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Cooking With Grains: Quinoa

Quinoa, pronounced "keen-wah," is actually not a grain at all, but a pseudocereal, which means it is the seed of a broadleaf plant, while true cereals are the seeds of grasses. The quinoa plant is a relative of beets, spinach and Swiss chard, but we treat its seeds as we would a grain, preparing and eating them in much the same way.

Available in light brown, red and even black varieties, quinoa is light, yet filling, and has a mellow flavor and a unique cultural heritage. Altitude-hardy quinoa does well in mountainous regions like the South American Andes, where it was known as "chisaya mama" ("mother grain") to the ancient Incas, who thrived on its nutritious seed, along with potatoes and maize, for thousands of years.

Quinoa is high in magnesium – which helps relax blood vessels, resulting in fewer headaches for migraine sufferers and decreased risk of hypertension and stroke. It is also a good source of manganese, iron, copper, phosphorous, vitamin B2 and other essential minerals, and has the highest protein content of any grain. It is especially high in lysine, an amino acid that is typically low in other grains. Quinoa’s protein is complete, containing all nine essential amino acids – a rarity in the plant kingdom. Quinoa is gluten-free and easy to digest: a must-add to your culinary repertoire.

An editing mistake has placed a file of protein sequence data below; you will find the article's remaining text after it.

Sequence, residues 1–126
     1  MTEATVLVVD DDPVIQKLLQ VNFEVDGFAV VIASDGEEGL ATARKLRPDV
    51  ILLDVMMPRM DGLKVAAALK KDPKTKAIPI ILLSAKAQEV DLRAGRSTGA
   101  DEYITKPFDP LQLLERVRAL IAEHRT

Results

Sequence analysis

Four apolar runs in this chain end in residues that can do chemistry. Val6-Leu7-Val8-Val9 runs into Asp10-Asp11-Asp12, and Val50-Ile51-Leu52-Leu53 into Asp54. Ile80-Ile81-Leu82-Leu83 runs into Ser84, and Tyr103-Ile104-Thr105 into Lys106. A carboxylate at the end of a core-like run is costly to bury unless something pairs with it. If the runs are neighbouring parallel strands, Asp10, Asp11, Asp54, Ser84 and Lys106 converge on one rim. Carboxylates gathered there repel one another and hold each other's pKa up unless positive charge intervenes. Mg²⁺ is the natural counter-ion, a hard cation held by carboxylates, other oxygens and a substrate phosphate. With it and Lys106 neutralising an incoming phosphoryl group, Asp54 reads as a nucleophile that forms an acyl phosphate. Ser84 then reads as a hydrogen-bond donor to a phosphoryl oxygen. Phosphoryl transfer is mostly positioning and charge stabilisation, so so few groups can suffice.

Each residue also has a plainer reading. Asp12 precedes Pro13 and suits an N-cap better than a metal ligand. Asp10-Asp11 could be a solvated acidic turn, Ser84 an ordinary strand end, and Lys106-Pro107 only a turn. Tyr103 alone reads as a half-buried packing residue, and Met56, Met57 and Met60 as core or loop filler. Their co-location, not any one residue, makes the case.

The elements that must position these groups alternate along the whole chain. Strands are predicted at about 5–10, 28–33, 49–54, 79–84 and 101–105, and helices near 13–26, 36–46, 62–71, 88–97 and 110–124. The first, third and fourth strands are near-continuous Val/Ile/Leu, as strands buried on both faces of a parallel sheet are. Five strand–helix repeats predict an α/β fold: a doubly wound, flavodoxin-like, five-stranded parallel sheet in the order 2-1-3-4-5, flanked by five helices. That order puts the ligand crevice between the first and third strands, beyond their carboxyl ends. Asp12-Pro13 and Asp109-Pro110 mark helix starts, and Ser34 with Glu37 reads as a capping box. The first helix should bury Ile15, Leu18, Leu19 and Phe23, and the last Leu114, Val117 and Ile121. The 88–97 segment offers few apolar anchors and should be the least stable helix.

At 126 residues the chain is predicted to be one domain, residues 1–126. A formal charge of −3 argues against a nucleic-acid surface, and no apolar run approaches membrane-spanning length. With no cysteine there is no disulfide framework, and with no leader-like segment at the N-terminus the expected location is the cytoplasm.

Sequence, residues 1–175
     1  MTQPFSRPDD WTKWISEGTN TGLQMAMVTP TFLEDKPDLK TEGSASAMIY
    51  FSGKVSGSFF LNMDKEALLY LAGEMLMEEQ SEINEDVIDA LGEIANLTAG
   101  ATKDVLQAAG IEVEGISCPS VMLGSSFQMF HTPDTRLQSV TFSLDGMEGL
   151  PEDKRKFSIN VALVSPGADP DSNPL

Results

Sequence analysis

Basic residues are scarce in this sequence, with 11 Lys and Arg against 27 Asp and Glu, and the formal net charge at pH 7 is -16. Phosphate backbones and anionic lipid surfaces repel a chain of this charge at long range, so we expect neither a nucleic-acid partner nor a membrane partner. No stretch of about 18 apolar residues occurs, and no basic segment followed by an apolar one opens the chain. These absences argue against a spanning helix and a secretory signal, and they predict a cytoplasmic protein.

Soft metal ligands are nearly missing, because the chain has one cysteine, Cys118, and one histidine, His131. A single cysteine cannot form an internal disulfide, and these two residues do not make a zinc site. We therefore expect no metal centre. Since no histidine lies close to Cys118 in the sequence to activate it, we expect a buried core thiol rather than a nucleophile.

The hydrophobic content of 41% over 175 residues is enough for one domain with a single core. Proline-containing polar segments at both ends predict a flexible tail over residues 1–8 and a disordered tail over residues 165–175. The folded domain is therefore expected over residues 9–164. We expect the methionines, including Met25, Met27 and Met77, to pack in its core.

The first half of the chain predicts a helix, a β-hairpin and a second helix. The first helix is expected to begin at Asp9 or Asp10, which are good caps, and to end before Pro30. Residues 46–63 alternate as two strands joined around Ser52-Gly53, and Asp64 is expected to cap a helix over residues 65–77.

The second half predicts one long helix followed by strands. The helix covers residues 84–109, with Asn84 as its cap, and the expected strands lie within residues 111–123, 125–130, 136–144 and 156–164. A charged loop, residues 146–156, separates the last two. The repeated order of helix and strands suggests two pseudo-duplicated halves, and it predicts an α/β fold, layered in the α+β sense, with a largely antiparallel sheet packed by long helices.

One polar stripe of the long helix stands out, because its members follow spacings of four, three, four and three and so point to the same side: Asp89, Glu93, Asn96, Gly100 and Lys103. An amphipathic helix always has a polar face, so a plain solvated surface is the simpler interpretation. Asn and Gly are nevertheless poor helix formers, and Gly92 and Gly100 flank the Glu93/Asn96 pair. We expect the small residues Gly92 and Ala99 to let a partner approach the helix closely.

Once available only in health food stores, quinoa is becoming more mainstream by the day and is easily found in major grocery stores as well.

Cooking time: 15-20 minutes

Liquid per cup of grain: 2 cups

While it’s best to rinse all grains before cooking, pre-washing is especially advisable for quinoa in order to remove the bitter saponin coating on its outer hull that sometimes remains after processing. To do so, simply run cold water over quinoa in fine-meshed strainer, rubbing the seeds with your fingers. (Avoid soaking quinoa, however, as saponins can leach into the seeds.) After rinsing, place quinoa and water in a covered pot and bring to a boil. Reduce heat and simmer for about 15 minutes, until the grains become translucent and the germ appears as a thin white ring around each grain. Fluff with a fork.

Try these recipes with quinoa: